Bottom line- Dell became the bohemoth it is now based on reputation of quality machines. Take the quality out, and they are just another retailer. They still enjoy brand recognition, and the higher end systems aren't too bad. But they grow marketshare by offering $299 PCs, and $699 laptops to anyone who thinks any Dell is a good Dell, even if on the cheap (without understanding that You Get What You Pay For). As a result, it's userbase will slowly erode away.
  • by Jesus_666 (702802) on Friday November 04, 2005 @05:12PM (#13953256)
    mac has always been about people who dont care enough about computers to want to swap around parts, or learn how they work.

    I do. I would never buy an Intel box because I prefer building it from the parts myself. But I like Macs. Not only do they have style (which by itself is not a reason to buy them), they also come with an extremely great operating system. On the desktop I'd probably pick the Intel box, simply because of the computer's easy upgradability, but I'd never buy an Intel notebook. Most of them are heavy, loud, huge and ugly - not to forget the lousy *nix compatibility. The ones that aren't are expensive. iBooks are pretty cheap and come with a Unix with a great window manager. And it's as modifiable as many Intel notebooks - hardly.
  • by sedyn (880034) on Friday November 04, 2005 @05:25PM (#13953369)
    Claiming higher moral ground is one of the hardest things a person can do. It's near impossible for a company.

    Why? Because every company wants money. To get money they have to have some appealing quality.

    Dell, creates cheap computers, sells a lot of cheap computers, and when many customers* get what they pay for they call tech support [businessweek.com] which, due to the cost of computers, does not have the funding [ihatedell.net] to properly support the number of incoming calls. Have you ever had to tell someone that their brand new laptop needs to be replaced? I can tell you that it's not pretty.

    Apple* on the other hand is no saint either, they will justify any action in the name of high quality. To better service [wikipedia.org] their customers, they'll open up an apple store, shutting the local apple store out of business.

    *I own both products from both companies (this is being typed on an iBook, for instance), and have worked tech support for dells.

  • by walterbyrd (182728) on Friday November 04, 2005 @05:29PM (#13953401)
    Glad to learn that Apple is doing well. But is this a flash in the pan? Or a long term thing?

    I think there is something of a trendy, faddish, element involved with ipod sales. What happens when ipods become passe?

    I doubt anybody would admit to it now, but eight years ago, I bet a lot of people felt the same as Dell. And why not? Apple was dipping below it's cash value.

  • Re:Apples to Apples (Score:4, Interesting)

    by Mr. Underbridge (666784) on Friday November 04, 2005 @05:52PM (#13953593)
    Dell's business model inherently undercuts its financial stability. In order to stay competitive, they need to continue to cut costs. Pretty soon, cutting costs comes at the expense of things like customer service, R&D, and other things that are required to maintain a viable, growing business.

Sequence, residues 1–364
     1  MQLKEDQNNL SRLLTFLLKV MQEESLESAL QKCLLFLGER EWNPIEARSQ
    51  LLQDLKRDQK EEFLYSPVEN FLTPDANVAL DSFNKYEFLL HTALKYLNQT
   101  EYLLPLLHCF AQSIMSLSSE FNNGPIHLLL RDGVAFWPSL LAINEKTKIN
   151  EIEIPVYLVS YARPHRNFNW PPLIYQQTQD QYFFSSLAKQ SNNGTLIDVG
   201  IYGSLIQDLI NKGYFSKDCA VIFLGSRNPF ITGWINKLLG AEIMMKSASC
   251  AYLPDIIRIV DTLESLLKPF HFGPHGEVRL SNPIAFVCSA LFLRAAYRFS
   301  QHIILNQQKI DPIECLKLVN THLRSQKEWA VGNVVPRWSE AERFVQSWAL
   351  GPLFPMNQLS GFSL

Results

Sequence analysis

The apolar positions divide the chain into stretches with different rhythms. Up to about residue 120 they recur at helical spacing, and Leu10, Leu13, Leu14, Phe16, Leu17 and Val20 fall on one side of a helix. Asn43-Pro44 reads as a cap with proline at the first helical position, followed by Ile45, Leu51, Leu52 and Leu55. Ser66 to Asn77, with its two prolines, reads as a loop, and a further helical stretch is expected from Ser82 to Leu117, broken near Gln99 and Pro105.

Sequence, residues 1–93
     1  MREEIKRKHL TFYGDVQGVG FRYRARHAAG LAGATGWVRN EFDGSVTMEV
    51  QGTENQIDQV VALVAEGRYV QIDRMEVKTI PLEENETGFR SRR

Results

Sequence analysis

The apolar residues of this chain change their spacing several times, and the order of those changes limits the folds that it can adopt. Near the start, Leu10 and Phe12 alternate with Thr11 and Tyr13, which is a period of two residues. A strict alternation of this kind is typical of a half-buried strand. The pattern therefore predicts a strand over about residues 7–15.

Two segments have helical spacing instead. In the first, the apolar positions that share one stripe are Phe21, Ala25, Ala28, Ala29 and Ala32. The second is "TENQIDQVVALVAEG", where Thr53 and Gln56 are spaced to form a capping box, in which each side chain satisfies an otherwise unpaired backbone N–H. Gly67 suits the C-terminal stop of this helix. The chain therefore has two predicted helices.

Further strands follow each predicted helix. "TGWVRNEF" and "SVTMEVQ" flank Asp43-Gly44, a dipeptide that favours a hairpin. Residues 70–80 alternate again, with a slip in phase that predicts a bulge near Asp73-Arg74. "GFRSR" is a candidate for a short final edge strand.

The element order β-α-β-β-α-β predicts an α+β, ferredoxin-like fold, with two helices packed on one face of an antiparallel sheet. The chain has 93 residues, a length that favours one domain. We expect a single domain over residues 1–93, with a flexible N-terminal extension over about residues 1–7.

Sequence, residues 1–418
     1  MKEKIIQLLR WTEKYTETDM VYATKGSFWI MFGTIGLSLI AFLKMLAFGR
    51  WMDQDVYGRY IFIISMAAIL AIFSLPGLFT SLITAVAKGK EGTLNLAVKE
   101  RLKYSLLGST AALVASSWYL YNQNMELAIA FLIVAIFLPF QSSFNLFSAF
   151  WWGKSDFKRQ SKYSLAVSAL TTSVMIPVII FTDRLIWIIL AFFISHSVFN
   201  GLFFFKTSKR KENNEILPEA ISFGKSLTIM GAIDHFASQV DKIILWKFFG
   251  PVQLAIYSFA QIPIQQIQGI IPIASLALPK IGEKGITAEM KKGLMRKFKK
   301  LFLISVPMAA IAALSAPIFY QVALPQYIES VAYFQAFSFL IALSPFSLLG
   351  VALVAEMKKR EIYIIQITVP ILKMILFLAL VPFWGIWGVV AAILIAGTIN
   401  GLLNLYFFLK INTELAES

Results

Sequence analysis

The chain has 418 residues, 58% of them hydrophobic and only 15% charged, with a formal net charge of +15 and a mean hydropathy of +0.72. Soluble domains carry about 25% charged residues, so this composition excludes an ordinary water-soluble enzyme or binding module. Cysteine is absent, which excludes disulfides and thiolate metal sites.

Yeah, that's working out terrible for both Dell and Walmart. There will always be a market for the cheapest major vendor for any product. Always has been.

    In general, I'd say Dell's future is at least more stable because the market for computers is stable and certain. Apple's fortunes are completely tied to the iPod right now, and that's a market that's less certain. For Apple to maintain their fortunes, they need to either hit another home run, and/or keep up their 75% market share in the portable player market. Both are tough, though not impossible.

  • Re:R&D??? (Score:3, Interesting)

    by akac (571059) on Friday November 04, 2005 @06:08PM (#13953735) Homepage
    No, but they did a lot of it. Apple helped Motorola and IBM on the chips. Not only that, but who do you think designed all the bridge and controller chips? Apple.
  • by justaj (915459) on Friday November 04, 2005 @06:33PM (#13953964) Homepage
    Actually Apple isnt propped up by Microsoft. As someone mentioned Apple was given 150 million by microsoft almost ten years ago. Since then they have been running on their own two feet. In terms of actual numbers: 840 million (6% of 14 billion) vs 360 million (9% of 4 billion) The numbers say Dell is making a heck of a lot more money. The reality of it is Dell isn't going anywhere. They are going to make the same machines and roughly keep the same profit margin. They are trying to branch out a little but I don't think many see it helping much. The only way Dell is going to be in any sort of trouble is if a) Someone can sell a box that is cheaper and better AND have a brand that people recognize. Apple is obviously NOT trying to do that. The fact of the matter is Apple is growing their company. You can definitely see a shift in public perception from being a niche computer company to the company that makes iPods and sells music. I'm fairly certain this is by design. You are 5-10 times more likely to see an iPod commercial vs an iMac commercial. But the fact of the matter is Apple still makes most of their money off of computer hardware. (the margin is shrinking however) They know that if they want to get to that 840 million its not going to be on the strength of the iPod alone. I see a HUGE push of their machines coming once the Intel Macs role out. They are going to cost less to make and won't go through the supply/demand hell they were in with IBM. I actually think next year is going to be a huge year for Apple either in terms of taking a step forward or a step backward in being the next big computer maker.